ATHENS – Israeli President Simon Peres, in Greece for a visit aimed at developing closer relations, said he believes there are opportunities for more investment in the country, especially in tourism and technology and that Israeli business leaders would be interested.
Speaking to Sunday’s To Vima newspaper ahead of his visit, Peres said: “Greece has high mountains, which will bring you tourists but you also need high technology, which will bring you investment,” he said. “About 20 percent of Greece’s land can be cultivated. We can do a lot of things and would be happy if we can help. Quite a few Israeli investors are interested.”
Peres, visiting Greece for the first time, had a meeting scheduled with Prime Minister Antonis Samaras. The Israeli leader’s visit followed a trip to Israel last year by his counterpart, Greek President Karolos Papoulias, who signed cooperation deals in various areas, including tourism and energy, and invited him to Greece in return.
Diplomatic sources told Kathimerini that they see Peres’s visit as the continuation of the improvement in ties, which was triggered by a deterioration in relations between Israel and Turkey. Greece has also seen a rise in the number of Israeli tourists visiting the country. Some 400,000 have already taken vacations in Greece this year. Peres wase accompanied by Israeli Agriculture Minister Orit Noked, who said she would hold talks with Greek officials with the aim of exchanging know-how and promoting investment in Greece.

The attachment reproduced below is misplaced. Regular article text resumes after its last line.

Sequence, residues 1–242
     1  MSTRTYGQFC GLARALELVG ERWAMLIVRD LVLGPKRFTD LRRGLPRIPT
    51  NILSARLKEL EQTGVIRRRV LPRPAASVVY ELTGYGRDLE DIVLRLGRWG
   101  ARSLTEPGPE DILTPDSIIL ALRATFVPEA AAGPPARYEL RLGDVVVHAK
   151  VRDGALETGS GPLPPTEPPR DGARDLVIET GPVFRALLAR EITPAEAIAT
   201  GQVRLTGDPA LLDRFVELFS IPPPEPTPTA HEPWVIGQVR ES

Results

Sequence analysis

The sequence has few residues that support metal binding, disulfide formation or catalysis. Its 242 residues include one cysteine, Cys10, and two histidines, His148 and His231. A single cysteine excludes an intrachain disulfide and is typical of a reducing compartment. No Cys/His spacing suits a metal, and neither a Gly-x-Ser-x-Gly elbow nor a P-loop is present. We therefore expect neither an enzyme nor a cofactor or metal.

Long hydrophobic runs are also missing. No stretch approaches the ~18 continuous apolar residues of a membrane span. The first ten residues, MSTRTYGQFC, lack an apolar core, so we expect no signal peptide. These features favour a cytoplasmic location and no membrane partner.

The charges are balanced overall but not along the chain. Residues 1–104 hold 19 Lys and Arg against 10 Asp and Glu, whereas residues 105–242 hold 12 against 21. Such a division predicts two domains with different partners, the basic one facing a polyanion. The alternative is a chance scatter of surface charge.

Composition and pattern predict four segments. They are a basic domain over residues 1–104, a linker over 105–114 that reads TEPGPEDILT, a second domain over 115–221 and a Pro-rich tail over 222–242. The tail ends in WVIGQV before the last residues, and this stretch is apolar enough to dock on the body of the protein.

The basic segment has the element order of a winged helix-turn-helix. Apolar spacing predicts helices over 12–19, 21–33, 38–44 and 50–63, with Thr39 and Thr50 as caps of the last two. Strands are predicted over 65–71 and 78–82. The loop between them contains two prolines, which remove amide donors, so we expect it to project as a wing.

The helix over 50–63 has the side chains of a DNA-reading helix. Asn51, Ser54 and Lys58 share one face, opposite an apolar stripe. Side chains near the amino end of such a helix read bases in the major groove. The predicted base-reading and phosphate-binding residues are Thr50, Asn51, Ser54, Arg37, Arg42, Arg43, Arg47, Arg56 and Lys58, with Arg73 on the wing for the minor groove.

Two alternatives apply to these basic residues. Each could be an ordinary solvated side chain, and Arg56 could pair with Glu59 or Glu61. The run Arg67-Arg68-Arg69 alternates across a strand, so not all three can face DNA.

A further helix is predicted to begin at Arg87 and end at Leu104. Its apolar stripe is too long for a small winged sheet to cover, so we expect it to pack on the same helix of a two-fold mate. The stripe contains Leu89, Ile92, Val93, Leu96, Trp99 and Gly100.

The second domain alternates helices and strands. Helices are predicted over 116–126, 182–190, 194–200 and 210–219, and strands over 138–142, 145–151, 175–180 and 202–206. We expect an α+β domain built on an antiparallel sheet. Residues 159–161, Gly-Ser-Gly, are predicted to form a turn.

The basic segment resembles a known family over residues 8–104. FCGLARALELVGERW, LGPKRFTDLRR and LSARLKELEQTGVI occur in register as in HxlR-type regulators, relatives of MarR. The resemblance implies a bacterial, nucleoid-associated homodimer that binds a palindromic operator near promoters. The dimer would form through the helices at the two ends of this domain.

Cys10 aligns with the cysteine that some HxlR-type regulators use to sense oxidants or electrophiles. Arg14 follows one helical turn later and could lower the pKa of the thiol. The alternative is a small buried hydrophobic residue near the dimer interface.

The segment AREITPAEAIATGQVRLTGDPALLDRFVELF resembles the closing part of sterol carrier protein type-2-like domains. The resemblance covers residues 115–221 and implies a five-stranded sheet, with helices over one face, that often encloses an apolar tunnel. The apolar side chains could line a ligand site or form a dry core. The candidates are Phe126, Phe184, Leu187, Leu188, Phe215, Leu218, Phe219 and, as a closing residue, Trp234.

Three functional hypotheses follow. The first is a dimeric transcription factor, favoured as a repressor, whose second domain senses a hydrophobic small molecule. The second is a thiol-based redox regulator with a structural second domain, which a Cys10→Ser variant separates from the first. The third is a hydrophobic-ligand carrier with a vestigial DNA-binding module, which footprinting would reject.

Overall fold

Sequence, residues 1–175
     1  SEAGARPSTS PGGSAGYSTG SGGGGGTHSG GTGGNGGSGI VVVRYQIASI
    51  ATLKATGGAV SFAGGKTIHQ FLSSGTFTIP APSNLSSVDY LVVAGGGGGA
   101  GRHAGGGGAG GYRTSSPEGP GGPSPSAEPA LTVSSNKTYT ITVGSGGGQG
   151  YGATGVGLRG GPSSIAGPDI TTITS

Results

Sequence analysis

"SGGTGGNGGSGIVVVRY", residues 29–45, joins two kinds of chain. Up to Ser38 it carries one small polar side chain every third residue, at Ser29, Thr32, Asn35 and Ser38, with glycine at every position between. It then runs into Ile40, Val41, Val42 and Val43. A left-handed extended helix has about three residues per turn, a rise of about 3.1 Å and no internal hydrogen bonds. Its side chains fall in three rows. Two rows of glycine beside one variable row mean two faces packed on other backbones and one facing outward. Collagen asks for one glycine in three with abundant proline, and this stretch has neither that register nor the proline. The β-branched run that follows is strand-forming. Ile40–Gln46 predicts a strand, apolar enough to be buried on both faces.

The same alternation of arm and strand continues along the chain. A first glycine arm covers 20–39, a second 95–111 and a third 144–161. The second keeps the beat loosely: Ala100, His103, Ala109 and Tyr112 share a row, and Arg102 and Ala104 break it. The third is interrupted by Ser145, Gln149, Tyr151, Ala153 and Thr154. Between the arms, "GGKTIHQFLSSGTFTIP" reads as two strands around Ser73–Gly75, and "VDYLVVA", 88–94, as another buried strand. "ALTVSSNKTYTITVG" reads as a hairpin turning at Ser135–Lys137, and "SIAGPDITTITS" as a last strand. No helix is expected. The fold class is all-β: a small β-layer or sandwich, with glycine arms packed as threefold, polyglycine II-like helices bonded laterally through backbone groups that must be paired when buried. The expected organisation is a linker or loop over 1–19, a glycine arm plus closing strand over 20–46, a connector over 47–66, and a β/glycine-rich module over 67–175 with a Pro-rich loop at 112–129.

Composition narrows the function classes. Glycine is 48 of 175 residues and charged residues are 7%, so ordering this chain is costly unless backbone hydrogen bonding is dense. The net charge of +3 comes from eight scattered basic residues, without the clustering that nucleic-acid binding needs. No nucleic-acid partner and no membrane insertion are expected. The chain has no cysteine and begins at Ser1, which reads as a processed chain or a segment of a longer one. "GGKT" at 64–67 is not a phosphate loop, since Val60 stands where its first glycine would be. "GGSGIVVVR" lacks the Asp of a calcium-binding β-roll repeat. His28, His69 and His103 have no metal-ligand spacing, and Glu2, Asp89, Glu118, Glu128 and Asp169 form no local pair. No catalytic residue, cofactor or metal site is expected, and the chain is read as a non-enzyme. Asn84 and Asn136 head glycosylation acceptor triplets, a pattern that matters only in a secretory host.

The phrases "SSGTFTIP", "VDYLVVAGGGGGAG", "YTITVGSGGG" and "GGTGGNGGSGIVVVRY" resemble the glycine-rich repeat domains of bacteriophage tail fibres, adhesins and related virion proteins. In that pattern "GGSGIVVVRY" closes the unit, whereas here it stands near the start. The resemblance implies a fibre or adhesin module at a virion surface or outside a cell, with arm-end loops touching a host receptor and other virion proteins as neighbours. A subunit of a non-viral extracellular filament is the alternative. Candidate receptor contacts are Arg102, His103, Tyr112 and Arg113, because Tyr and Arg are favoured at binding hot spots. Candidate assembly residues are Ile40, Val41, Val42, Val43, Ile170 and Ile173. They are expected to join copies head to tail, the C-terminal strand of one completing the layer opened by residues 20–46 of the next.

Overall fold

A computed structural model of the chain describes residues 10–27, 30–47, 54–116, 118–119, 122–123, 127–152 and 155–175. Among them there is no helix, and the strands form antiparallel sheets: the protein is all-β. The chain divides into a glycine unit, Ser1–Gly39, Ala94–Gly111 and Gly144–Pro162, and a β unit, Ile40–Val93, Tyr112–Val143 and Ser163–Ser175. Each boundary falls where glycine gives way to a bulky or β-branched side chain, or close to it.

Greece, which has a strong bent toward Arab countries, has boosted ties with Israel in recent years, particularly after Israel’s gradual falling-out with Greece’s regional rival, Turkey. Greek and Israeli military forces have held a string of joint exercises, while Athens is seeking cooperation in investment and energy projects amid Greece’s crushing economic financial crisis. Peres was also due to meet Greek Jewish community leaders.
Security was high for the trip following earlier reports in Greek media that the Greek and Israeli intelligence services were investigating possible threats against Israeli tourists in Greece while Peres was visiting. The president’s trip is the fifth visit by an Israeli high official in the last two years, during which the two countries have boosted their cooperation in the defence sector. “We hope to develop better friendship ties with Greece,’” Peres told Greece’s private television network Mega in an interview. “The country is a friend and we are confronting the same problems.” Peres also replied to a question concerning the possible construction of a new gas pipeline connecting Israel to Europe through Cyprus and Greece saying it is “a geographical and economic need”.